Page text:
This article describes the fire-related risks that are related to the toilet compartments of an aircraft and gives an idea about the legal requirements that are imposed in order to mitigate those risks.
The toilet compartments have some specifics that set them aside from other parts of the aircraft and therefore require special attention when fire detection and suppression is involved:
Toilet compartments do not offer a clear view to the flight crew. Therefore, in case a fire starts, it might remain undetected for a considerably long period of time, thus allowing it to spread.
Toilet compartments contain highly combustible materials (e.g. paper) which are susceptible to ignition by objects discarded by passengers.
Toilet compartments offer the passengers privacy, which may result in the use of tobacco products even on a non-smoking flight.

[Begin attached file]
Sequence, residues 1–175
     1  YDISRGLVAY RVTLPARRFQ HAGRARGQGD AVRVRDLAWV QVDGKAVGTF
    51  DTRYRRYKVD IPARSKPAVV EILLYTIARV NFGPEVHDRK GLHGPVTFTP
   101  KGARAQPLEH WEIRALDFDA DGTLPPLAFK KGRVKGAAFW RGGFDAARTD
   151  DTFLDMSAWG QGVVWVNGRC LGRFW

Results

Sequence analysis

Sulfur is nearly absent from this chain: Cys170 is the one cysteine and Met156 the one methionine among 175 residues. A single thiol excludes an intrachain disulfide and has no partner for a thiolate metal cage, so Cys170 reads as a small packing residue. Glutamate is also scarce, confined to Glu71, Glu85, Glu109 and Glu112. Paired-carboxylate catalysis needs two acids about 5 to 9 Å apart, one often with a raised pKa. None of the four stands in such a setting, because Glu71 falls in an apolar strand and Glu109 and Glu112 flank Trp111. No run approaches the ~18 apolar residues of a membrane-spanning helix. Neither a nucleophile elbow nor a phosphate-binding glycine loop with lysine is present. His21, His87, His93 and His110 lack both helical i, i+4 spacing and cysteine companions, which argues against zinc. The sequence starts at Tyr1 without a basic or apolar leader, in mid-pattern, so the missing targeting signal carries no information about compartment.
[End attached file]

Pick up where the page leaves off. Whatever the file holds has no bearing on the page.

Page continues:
Provisions regarding the requirements for toilet compartment fire detection and suppression equipment are contained in the relevant documents (e.g. for the EU such a document is “Certification Specifications and AMC for Large Aeroplanes CS-25” by EASA). Although there may be slight differences from country to country, the main points usually are:
Lavatory fire protection requiremets apply to aeroplanes with a passenger capacity of 20 or more.
Installation of smoke detectors that provide warning signals in the cockpit and in the passenger cabin. It is worth noting that these detectors are not considered critical for the flight safety and therefore the flight continues normally in case of detector malfunction.
Installation of automatic fire extinguishers in the lavatory trash receptacles.
Placing “no smoking” signs on both sides of lavatory doors.
Informing the passengers during the in-flight briefing that smoking is prohibited in the lavatories.
Placing ashtrays at conspicuous locations both inside and outside the lavatories regardless of whether smoking is allowed in any other part of the aeroplane.
The use of Halon in lavatory fire extinguishers is restricted. For the EU, the cut-off date is 31st December 2011 and the end date is 31st December 2020. Research and testing have shown that there are suitable alternatives meeting the standards for effectiveness, volume, weight and toxicology.